Pissodes weevil (Pissodes pini)
Kolk A. and Starzyk J. R. 1996.The Atlas of Forest Insect Pests. The Polish Forest Research Institute. Multico Warszawa. 705 pp.
Europe, Siberia and the Caucasian Mountains.
Mainly the Scots pine, eastern white pine and mountain pine, sporadically the spruce and larch.
Adults are 6-9 mm long, dark brown or reddish, with 4 yellow spots on pronotum and two oblique stripes on elytrae. The larva is yellowish-white, with the light brown, oval head, legless, 14-16 mm long and 2.5-2.8 mm wide. The pupa is elongated, yellowish-white, with sharp end.
Overwintering occurs in the imaginal, larval or occasionally in pupal stage. Adults overwinter usually in litter or bark crevices. They emerge in late-April or early-May and start maturation feeding. After mating, females oviposit in clusters in holes made in the thick bark of the lower parts of trees. Oviposition with some pauses for regenerative feeding may last the entire season. After hatching, larvae bore galleries up to 20 cm in length in the phloem. Feeding galleries create star-like pattern. Pupal chambers with whitish wooden chips are constructed at the end of larval galleries. Larvae develop for about 2 months, and pupal development lasts about 2 weeks. Adults lifespan reaches 2 years.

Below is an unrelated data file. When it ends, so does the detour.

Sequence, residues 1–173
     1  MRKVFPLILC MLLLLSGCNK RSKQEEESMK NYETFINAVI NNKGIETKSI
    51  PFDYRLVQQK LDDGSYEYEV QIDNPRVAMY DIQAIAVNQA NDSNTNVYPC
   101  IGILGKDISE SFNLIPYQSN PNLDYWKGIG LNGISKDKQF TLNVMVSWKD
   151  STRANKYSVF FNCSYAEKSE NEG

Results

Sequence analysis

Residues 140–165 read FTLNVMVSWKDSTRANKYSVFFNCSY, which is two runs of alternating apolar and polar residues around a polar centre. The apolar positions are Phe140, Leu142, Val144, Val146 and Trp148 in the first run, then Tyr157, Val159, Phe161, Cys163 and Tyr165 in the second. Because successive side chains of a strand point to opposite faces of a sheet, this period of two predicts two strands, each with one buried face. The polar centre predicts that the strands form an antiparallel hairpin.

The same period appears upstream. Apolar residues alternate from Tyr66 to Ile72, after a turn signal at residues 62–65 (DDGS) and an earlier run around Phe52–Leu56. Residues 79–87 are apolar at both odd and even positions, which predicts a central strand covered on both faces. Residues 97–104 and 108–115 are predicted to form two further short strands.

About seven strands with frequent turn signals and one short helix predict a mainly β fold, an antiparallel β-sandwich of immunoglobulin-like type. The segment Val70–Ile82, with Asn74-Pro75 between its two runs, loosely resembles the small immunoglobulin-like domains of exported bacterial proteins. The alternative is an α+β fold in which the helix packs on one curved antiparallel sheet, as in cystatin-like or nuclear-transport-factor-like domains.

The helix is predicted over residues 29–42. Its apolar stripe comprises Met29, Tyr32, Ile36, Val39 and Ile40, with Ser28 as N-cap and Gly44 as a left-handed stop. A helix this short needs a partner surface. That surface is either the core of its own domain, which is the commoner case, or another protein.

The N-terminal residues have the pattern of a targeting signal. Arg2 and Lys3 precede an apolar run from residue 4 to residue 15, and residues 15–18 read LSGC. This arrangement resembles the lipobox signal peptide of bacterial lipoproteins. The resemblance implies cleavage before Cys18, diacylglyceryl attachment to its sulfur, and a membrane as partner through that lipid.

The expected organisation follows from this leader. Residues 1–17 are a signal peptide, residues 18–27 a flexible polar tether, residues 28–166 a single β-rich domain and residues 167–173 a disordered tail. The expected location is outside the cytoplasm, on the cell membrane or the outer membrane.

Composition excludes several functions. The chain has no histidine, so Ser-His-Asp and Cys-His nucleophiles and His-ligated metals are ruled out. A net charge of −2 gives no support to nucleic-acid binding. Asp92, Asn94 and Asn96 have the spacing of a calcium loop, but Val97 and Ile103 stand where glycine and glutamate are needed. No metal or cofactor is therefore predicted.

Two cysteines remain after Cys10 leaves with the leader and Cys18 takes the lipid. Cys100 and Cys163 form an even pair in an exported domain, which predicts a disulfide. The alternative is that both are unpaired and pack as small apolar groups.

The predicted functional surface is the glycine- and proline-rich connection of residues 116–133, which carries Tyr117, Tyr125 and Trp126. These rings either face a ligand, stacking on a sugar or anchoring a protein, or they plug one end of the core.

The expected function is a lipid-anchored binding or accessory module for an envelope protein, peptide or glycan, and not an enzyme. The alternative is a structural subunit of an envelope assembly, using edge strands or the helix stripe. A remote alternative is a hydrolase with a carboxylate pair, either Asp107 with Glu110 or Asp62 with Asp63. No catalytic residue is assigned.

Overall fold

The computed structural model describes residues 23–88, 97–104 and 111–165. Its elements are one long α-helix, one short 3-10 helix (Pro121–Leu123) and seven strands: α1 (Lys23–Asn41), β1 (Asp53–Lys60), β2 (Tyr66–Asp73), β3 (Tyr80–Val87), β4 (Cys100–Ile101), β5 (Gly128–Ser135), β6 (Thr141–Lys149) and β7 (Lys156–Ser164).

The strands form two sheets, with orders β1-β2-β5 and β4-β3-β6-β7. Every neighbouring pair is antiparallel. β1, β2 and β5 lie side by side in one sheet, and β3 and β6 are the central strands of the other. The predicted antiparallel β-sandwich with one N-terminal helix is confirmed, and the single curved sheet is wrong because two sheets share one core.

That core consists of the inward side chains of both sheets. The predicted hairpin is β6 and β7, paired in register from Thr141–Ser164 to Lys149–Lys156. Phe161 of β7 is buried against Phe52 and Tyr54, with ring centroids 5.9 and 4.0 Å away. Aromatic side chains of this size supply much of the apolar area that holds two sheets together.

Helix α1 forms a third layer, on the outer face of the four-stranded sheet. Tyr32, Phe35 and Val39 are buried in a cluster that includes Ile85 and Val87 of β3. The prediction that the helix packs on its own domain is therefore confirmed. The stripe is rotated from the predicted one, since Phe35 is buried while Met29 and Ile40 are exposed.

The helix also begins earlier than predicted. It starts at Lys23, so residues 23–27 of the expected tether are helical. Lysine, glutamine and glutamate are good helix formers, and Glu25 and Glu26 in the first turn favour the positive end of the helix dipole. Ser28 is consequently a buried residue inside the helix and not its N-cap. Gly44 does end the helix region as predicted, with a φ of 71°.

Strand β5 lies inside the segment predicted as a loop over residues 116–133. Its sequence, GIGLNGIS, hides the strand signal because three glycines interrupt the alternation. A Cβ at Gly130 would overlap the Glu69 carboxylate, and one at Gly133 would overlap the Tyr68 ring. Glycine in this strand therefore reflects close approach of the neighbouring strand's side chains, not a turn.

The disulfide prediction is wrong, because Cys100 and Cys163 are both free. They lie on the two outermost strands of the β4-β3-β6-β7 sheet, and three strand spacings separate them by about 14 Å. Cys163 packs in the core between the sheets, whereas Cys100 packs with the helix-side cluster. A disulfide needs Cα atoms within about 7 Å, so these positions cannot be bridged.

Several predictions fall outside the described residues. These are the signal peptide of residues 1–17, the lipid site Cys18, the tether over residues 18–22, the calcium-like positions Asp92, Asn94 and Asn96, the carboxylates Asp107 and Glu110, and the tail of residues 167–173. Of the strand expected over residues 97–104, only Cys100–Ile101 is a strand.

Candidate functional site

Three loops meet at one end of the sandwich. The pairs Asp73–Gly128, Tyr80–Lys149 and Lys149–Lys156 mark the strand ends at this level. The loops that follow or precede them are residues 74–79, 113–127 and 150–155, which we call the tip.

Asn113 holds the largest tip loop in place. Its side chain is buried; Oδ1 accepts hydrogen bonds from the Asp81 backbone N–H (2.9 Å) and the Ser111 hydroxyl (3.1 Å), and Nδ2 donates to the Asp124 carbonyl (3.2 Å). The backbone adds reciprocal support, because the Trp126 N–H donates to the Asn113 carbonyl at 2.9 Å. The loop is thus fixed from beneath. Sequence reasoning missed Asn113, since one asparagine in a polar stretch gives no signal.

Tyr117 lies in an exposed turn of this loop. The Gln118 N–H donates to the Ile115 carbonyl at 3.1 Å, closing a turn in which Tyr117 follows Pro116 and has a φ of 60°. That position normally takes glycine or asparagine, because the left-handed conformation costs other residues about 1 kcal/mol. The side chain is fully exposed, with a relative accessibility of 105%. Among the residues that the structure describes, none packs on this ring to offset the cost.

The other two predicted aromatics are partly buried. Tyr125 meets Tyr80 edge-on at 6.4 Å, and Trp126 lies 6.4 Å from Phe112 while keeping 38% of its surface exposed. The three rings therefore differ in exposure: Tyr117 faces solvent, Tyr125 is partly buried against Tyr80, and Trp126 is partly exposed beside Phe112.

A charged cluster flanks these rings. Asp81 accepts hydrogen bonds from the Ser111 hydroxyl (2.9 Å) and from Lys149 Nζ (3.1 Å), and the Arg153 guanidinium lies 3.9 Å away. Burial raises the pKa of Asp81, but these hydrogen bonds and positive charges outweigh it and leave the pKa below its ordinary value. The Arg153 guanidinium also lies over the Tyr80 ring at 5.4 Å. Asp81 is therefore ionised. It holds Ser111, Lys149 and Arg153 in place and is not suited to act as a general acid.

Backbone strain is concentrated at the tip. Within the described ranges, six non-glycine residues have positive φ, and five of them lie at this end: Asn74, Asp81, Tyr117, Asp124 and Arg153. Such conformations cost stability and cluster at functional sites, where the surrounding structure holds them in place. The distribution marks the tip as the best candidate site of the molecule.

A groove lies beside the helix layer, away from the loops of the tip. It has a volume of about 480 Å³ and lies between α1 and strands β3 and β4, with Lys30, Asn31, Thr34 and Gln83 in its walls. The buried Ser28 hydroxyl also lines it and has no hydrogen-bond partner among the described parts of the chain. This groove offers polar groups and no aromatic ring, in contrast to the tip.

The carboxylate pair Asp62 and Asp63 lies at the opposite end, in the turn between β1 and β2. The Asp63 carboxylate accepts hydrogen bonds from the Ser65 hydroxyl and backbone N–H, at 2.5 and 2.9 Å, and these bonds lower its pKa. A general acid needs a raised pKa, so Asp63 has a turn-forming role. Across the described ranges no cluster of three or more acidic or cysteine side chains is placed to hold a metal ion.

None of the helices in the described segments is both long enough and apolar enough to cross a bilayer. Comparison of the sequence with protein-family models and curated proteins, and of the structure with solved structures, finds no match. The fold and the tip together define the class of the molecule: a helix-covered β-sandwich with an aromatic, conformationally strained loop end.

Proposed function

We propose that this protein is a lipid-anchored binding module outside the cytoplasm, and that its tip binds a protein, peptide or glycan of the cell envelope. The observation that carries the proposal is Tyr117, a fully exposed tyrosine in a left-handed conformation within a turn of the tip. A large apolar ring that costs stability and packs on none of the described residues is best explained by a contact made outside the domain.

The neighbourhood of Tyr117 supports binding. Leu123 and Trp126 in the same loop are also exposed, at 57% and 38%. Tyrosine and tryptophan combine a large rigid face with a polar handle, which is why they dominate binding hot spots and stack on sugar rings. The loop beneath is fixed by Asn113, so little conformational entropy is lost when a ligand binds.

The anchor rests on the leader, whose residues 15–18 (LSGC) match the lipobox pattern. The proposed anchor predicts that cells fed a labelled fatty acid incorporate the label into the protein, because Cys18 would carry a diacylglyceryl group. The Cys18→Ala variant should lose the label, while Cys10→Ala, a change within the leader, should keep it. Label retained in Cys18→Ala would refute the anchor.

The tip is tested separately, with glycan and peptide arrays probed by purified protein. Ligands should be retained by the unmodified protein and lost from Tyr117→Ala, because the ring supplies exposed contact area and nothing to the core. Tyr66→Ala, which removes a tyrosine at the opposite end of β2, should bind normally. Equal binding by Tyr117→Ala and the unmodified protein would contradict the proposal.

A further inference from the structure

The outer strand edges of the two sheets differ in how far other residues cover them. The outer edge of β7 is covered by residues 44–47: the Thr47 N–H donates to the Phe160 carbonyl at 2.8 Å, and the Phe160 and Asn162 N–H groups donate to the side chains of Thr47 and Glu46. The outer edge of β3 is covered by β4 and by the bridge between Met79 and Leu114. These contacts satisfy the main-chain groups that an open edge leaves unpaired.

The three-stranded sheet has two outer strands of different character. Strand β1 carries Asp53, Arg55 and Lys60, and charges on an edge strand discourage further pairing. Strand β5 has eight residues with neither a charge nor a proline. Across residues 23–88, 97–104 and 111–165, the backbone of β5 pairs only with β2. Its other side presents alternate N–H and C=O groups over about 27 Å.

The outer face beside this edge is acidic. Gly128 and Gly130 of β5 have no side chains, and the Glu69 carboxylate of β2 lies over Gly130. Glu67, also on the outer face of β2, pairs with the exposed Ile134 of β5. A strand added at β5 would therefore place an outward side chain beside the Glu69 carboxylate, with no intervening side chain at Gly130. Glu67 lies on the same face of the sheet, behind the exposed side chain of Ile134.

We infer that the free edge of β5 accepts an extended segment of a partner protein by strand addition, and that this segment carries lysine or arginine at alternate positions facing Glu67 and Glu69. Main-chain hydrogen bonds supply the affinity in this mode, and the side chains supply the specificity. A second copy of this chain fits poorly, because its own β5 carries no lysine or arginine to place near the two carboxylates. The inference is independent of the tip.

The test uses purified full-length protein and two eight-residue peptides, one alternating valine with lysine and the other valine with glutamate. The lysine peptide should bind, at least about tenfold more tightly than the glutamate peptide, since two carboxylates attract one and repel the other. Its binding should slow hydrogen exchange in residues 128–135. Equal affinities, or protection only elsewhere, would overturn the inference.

P. pini infests only trees weakened by fire, pollution, defoliators or pathogenic fungi. Adults during supplementary feeding damage bark and cambium that causes oozing of resin droplets and thus trees look like sprayed with a lime. On the eastern white pine adults have supplementary feeding on the whole stem, while on the mountain pine they feed mainly on branches.
Removal of windfalls, weakened trees and timber, particularly with the thick bark.
Removal of infested trees. The use of trap trees is also recommended. These trees serve also as traps for Tomicus piniperda, Phaenops cyanea and Monochamus galloprovincialis. The use of traps special for P. pini like bolts with the thick bark are recommended too. Occasionally logs with the damaged bark also can be used. Trap trees and logs should be debarked before pupation. All stumps in clear cut areas with high infestation rates of P. pini should be debarked.